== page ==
Share this article

print logo

A Sportsman's Tale: The battle to conquer sailfish in Florida Keys

By Ed Schintzius 

My grandson, Jarod Wilt, and I and our two friends, Jim and Denise Tunney, went out fishing March 15 on a charter boat, the Caribsea from Caribsea Charters.

We left on the 42-foot Guthrie from Islamorada in the Florida Keys at 8 a.m. on a cloudy day. The temperature was 75.

It took us about a half-hour to get out to the Tennessee Reef. Capt. Kenny Spaulding and his son, Capt. Casey Spaulding, quickly caught our bait fish, ballyhoo, cigar minnows and sardines.

We then went out to 105 feet of water, 5 miles off Islamorada in the Atlantic. The waves were between 5 and 6 feet high. We were fishing for sailfish using sardines as bait. We had six-foot Shimano rods and reels with 16-pound test line.

We were kite fishing. The kites are up at least 100 feet in the air and away from the boat on the port and starboard sides. Kite fishing is challenging because as the waves come you have to make sure your bait stays in the water.

Jarod caught the first sailfish, and it took him about 25 minutes to reel it in. My turn came next, almost immediately. I couldn't believe it when the sailfish was on. It was jumping out of the water and running away from the boat.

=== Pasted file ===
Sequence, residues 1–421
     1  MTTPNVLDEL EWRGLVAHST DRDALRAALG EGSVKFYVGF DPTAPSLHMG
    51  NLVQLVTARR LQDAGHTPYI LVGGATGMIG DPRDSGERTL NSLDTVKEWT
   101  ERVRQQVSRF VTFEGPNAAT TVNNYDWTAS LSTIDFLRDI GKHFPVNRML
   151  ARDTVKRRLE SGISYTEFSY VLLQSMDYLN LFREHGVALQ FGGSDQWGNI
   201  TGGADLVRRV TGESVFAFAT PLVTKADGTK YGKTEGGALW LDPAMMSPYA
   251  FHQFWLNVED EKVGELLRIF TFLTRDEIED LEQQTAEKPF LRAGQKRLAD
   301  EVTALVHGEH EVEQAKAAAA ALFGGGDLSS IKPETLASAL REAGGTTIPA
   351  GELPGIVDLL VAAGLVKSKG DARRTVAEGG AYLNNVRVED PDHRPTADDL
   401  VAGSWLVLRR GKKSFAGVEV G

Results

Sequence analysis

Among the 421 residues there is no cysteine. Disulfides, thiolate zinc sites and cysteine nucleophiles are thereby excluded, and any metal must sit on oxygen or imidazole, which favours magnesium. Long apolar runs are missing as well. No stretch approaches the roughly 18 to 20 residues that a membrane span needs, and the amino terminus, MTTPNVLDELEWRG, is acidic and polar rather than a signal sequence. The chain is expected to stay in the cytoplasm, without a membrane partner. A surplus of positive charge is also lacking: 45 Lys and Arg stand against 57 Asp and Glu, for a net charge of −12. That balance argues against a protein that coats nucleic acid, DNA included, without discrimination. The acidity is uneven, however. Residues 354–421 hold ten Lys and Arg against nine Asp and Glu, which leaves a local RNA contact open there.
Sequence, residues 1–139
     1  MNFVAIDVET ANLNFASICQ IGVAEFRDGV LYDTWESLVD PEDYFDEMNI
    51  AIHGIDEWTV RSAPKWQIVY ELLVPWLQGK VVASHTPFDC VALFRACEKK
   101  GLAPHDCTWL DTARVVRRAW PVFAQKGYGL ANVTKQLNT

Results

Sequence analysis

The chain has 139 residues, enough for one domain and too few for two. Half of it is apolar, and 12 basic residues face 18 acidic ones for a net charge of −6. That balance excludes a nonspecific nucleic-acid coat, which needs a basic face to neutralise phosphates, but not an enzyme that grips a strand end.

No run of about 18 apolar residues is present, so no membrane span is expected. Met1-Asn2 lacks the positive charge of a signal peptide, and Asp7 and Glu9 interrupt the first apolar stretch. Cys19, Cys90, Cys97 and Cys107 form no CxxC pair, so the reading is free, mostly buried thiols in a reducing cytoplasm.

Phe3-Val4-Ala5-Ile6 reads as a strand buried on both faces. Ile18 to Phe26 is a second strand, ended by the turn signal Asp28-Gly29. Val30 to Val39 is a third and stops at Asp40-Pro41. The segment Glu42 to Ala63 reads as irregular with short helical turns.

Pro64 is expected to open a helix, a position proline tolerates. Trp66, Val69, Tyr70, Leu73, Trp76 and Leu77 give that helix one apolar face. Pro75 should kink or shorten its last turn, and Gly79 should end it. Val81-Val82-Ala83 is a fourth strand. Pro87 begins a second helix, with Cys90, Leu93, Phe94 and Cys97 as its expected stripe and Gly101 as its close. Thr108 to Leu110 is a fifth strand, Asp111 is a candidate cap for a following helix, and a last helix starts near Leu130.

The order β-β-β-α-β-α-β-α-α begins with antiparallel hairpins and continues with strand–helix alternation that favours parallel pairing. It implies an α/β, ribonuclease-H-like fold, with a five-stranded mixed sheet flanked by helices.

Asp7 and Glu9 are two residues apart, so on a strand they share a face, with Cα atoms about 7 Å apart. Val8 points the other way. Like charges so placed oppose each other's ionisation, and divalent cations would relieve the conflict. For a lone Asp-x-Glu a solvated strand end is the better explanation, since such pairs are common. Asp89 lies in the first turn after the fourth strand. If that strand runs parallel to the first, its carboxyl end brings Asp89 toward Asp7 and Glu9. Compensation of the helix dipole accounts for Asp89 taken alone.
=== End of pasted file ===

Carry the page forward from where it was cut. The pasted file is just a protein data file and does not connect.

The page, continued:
I've been a fisherman my whole life and never experienced a fish this size. Every time he would get within 50 foot of the boat, he would turn around and run back into the ocean. This happened at least five times. He was a fighter, it took me about 45 minutes to land him.

It was an exhilarating experience and something I'll never forget. It took three days for these old muscles to get back to feeling normal.

Denise caught the third and last sailfish of the day. We also encountered several large sharks during the day and the captain and his son had lines pulled up to avoid them.

We also pulled in a sand shark that was about five-feet long and a houndfish that was a little more than four feet.

We gratefully pulled back into the dock about 4 p.m. We were exhausted. We talked to several other fishermen who did not have the same good luck we did.

Many thanks to Captain Ken and Captain Casey Spaulding. You guys did a fantastic job for us.

Story topics: /

There are no comments - be the first to comment